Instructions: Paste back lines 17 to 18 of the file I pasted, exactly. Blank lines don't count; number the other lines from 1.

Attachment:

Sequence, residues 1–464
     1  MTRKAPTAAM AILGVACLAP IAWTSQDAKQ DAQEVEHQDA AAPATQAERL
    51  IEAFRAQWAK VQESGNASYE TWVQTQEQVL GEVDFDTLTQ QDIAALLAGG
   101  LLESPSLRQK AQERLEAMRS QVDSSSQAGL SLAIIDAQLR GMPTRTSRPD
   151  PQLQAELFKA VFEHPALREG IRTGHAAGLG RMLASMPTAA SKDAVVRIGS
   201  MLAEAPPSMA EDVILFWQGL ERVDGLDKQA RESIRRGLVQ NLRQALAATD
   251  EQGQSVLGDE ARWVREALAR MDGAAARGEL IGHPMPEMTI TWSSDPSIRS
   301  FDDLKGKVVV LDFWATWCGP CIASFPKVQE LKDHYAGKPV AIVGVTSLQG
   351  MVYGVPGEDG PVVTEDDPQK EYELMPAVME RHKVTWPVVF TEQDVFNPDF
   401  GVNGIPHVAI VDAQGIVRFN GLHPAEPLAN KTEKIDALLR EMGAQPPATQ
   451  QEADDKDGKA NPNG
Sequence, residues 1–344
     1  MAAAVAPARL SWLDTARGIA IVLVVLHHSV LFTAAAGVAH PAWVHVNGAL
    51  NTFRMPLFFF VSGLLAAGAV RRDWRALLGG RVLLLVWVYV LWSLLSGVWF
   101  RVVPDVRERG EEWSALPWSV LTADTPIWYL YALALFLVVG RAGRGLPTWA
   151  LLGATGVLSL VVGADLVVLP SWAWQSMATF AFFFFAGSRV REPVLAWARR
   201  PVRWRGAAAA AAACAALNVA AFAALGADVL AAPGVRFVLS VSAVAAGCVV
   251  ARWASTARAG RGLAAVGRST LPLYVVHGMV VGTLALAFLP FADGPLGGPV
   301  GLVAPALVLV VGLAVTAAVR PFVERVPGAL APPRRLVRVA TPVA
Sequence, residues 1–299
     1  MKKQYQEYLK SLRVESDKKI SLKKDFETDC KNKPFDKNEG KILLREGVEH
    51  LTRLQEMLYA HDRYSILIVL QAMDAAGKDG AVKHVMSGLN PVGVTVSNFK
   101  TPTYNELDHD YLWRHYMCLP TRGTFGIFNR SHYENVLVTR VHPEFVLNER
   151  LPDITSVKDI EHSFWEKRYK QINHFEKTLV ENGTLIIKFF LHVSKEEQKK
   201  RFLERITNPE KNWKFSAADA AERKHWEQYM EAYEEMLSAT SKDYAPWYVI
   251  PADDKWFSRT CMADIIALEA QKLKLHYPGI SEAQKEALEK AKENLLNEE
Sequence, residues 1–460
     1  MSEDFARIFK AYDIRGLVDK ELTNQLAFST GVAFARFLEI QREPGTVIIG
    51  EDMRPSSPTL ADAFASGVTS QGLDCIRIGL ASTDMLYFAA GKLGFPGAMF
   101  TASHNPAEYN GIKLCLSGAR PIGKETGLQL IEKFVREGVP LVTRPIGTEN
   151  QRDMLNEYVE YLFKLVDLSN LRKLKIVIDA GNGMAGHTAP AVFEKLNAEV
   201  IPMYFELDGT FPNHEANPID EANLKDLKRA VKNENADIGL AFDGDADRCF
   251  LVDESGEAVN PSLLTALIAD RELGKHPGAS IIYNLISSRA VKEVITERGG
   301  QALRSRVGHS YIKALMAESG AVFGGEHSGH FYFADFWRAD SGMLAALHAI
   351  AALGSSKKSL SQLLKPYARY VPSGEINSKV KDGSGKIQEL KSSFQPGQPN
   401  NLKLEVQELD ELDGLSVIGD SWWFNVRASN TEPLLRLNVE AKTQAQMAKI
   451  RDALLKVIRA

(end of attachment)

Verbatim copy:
   201  PVRWRGAAAA AAACAALNVA AFAALGADVL AAPGVRFVLS VSAVAAGCVV
   251  ARWASTARAG RGLAAVGRST LPLYVVHGMV VGTLALAFLP FADGPLGGPV